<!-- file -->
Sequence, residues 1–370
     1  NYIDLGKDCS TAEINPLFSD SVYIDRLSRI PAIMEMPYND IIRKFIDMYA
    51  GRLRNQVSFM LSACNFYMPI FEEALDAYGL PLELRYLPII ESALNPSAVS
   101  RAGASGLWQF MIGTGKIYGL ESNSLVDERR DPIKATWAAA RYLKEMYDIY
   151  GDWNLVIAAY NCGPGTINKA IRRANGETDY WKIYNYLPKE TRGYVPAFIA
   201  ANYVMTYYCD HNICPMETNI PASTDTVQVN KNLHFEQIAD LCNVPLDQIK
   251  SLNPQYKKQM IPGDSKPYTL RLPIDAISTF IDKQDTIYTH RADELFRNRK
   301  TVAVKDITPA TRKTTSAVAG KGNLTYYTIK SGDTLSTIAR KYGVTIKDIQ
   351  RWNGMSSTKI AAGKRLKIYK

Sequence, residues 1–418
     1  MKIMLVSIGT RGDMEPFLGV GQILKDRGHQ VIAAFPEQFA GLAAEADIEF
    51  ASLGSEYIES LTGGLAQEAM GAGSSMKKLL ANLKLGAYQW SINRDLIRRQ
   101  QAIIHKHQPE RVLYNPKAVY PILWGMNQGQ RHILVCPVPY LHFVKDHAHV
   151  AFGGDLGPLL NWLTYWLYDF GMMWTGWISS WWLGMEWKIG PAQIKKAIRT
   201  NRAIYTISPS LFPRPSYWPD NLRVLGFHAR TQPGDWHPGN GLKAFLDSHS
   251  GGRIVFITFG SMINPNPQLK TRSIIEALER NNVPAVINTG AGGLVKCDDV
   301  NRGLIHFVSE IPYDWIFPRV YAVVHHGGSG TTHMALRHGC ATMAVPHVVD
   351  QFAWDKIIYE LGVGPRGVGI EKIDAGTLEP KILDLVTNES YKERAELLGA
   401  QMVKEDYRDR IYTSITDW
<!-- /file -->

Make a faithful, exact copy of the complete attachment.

Sequence, residues 1–370
     1  NYIDLGKDCS TAEINPLFSD SVYIDRLSRI PAIMEMPYND IIRKFIDMYA
    51  GRLRNQVSFM LSACNFYMPI FEEALDAYGL PLELRYLPII ESALNPSAVS
   101  RAGASGLWQF MIGTGKIYGL ESNSLVDERR DPIKATWAAA RYLKEMYDIY
   151  GDWNLVIAAY NCGPGTINKA IRRANGETDY WKIYNYLPKE TRGYVPAFIA
   201  ANYVMTYYCD HNICPMETNI PASTDTVQVN KNLHFEQIAD LCNVPLDQIK
   251  SLNPQYKKQM IPGDSKPYTL RLPIDAISTF IDKQDTIYTH RADELFRNRK
   301  TVAVKDITPA TRKTTSAVAG KGNLTYYTIK SGDTLSTIAR KYGVTIKDIQ
   351  RWNGMSSTKI AAGKRLKIYK

Sequence, residues 1–418
     1  MKIMLVSIGT RGDMEPFLGV GQILKDRGHQ VIAAFPEQFA GLAAEADIEF
    51  ASLGSEYIES LTGGLAQEAM GAGSSMKKLL ANLKLGAYQW SINRDLIRRQ
   101  QAIIHKHQPE RVLYNPKAVY PILWGMNQGQ RHILVCPVPY LHFVKDHAHV
   151  AFGGDLGPLL NWLTYWLYDF GMMWTGWISS WWLGMEWKIG PAQIKKAIRT
   201  NRAIYTISPS LFPRPSYWPD NLRVLGFHAR TQPGDWHPGN GLKAFLDSHS
   251  GGRIVFITFG SMINPNPQLK TRSIIEALER NNVPAVINTG AGGLVKCDDV
   301  NRGLIHFVSE IPYDWIFPRV YAVVHHGGSG TTHMALRHGC ATMAVPHVVD
   351  QFAWDKIIYE LGVGPRGVGI EKIDAGTLEP KILDLVTNES YKERAELLGA
   401  QMVKEDYRDR IYTSITDW